Wednesday, April 10, 2019

AMERICA IS NOT THE HEART


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America Is Not the Heart, Elaine Costillo, Penguin Random House, 2018, 408 pp
 
I read this debut novel because it was a contender in the 2019 Tournament of Books. It did not win though another debut novel I read did: My Sister the Serial Killer.
 
While I ended up liking the novel, I felt it suffered a bit as far as structure went. It jumps back and forth in time quite frequently. I could tell that the author was relating the main character's present life to incidents from her past but it was somewhat awkwardly done. I often felt like I needed more information sooner than I got it.
 
Other than that, I was caught up in the story of a late 20s Filipina come to America because the Philippines had become too dangerous for her. Her name is Hero and she was born into a wealthy family. After spending some years studying to be a doctor in her home country, she went rogue and joined the resistance to its current government.

Hero spent 10 years hiding out with a cadre of resisters until finally she was arrested, imprisoned and tortured. After her release, her uncle, now in America, pulled strings to help her emigrate. In the present time she is living in Milpitas, CA, a suburb of San Francisco in a section called the South Bay, now part of Silicon Valley. She stays in her uncle's house in a neighborhood of Filipino immigrants helping out with her young niece.

The story tells how she deals with her PTSD and her bi-sexual orientation among a heavily Christian group of people. She also comes to terms with her birth family in the Philippines while finding her place with her new family in Milpitas.

I am glad I read America Is Not the Heart. I never knew much about the Philippines beyond its figuring in WWII and I learned plenty. I enjoyed reading about the customs, ceremonies, food and interactions of the Milpitas Filipino community. 

While living at our previous home, my elderly neighbor had a live-in caregiver who was a Filipina. They were both lovely women and we became friends as we shared a driveway, but I never asked Denia about her background.

Back in the 90s, when I used to tour to promote my albums, I played at a Borders Books and Music store in Milpitas, never knowing about the Filipino community there. Music played a big part in the book, both traditional and popular. The people would have parties in their garages, sitting on the concrete floor, drinking and eating and dancing to the tunes spun by one of their people who worked a side-line as a DJ.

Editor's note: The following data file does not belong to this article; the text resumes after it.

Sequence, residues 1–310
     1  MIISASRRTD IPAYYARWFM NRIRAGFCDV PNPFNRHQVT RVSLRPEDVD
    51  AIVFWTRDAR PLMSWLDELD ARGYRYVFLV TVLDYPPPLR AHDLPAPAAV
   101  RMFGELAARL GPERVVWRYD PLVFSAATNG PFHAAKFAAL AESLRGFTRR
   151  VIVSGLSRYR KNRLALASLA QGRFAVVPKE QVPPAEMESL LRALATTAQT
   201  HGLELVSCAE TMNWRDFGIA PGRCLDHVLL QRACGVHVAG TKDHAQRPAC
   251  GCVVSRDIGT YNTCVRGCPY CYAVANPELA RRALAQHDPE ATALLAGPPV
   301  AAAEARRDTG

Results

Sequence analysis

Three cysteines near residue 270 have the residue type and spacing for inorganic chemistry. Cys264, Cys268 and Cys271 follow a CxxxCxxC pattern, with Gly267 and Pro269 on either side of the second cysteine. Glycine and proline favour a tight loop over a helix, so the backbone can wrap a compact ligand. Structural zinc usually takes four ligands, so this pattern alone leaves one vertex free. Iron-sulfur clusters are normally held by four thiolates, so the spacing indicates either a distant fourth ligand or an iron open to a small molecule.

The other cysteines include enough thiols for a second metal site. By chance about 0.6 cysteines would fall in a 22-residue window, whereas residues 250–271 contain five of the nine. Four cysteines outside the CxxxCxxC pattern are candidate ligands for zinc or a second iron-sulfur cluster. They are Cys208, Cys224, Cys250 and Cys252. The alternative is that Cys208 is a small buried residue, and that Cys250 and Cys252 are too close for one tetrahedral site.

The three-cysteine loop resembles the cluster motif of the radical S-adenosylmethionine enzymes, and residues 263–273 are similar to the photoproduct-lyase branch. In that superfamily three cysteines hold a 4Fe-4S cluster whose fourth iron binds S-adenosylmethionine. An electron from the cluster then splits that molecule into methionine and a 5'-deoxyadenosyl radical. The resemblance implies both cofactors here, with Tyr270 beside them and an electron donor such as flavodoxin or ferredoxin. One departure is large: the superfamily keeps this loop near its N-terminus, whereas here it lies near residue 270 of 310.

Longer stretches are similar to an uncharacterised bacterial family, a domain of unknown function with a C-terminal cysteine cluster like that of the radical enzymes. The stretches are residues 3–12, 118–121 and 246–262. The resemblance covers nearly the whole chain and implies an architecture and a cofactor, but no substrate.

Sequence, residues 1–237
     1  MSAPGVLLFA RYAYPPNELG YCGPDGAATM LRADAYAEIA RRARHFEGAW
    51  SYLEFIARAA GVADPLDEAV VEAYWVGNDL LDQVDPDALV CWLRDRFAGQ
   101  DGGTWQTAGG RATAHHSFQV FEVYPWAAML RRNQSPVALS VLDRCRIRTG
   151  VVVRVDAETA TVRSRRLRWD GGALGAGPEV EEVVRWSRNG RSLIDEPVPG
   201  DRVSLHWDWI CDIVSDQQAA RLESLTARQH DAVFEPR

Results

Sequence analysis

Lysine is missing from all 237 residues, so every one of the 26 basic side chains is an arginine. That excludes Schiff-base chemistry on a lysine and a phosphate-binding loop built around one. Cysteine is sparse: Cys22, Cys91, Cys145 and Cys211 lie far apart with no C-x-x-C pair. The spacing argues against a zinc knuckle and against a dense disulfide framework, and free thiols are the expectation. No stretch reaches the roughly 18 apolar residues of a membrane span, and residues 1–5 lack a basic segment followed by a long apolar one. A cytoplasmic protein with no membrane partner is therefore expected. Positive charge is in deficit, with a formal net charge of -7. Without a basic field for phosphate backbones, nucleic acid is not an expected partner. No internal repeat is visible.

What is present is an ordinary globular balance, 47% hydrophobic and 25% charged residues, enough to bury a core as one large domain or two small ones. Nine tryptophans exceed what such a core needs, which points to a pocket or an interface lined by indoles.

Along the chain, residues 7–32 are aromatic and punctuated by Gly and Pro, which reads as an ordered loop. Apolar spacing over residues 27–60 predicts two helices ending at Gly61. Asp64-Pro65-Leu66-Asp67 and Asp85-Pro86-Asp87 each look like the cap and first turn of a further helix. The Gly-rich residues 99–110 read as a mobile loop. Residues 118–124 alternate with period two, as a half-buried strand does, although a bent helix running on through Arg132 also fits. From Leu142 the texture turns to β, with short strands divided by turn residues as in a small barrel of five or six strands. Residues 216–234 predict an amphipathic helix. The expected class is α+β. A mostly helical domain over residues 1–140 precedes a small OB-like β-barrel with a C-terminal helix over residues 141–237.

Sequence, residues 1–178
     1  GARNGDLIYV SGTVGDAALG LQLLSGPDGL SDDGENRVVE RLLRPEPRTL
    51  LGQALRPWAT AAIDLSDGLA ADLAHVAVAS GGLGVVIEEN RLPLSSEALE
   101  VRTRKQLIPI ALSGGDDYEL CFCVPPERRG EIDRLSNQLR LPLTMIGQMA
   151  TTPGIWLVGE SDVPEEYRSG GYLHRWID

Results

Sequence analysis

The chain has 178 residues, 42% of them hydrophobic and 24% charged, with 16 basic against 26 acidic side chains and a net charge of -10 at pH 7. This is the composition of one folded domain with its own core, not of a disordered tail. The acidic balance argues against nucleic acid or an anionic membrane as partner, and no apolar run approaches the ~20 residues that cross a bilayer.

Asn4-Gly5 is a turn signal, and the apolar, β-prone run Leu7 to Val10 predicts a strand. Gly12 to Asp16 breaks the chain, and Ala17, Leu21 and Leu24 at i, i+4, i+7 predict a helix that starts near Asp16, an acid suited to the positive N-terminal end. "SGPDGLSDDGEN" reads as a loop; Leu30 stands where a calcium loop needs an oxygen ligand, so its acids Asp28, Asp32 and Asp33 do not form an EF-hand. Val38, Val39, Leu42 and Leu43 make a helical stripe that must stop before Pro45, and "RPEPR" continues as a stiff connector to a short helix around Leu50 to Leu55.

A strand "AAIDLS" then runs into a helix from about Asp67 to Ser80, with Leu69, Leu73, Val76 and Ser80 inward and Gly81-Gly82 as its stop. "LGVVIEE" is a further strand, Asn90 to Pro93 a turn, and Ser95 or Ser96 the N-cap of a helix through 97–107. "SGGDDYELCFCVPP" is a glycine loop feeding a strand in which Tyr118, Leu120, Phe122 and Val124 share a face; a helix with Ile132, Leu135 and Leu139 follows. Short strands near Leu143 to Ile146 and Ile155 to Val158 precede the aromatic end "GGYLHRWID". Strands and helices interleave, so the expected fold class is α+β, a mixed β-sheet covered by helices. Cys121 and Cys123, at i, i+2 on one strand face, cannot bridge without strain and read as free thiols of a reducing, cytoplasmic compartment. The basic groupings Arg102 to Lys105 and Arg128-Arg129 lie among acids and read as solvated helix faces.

All part of the tale of immigrants in America.

19 comments:

  1. This sounds very good. I personally knew a few folks who emigrated from the Philippines to the United States. I think the government is very bad there and I would not blame anyone for joining the resistance against it. The heroine of this book sounds like a very well crafted and interesting character.

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    1. I am glad you got that from what I wrote. She was one of the more interesting characters I have met in a while.

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  2. I'll have to check this novel out. I have read several books written by Filipinos and enjoyed them. My husband is Filipino American.

    Interestingly enough, my husband and his family immigrated to the USA from the Philippines in the early to mid 1970s when he was 7 years old. They lived in Milpitas, California when they first came to the USA before eventually moving to the LA area within a year or two after coming to the US. Their immigrant story is quite interesting. Milpitas still has a large Filipino community from what I understand.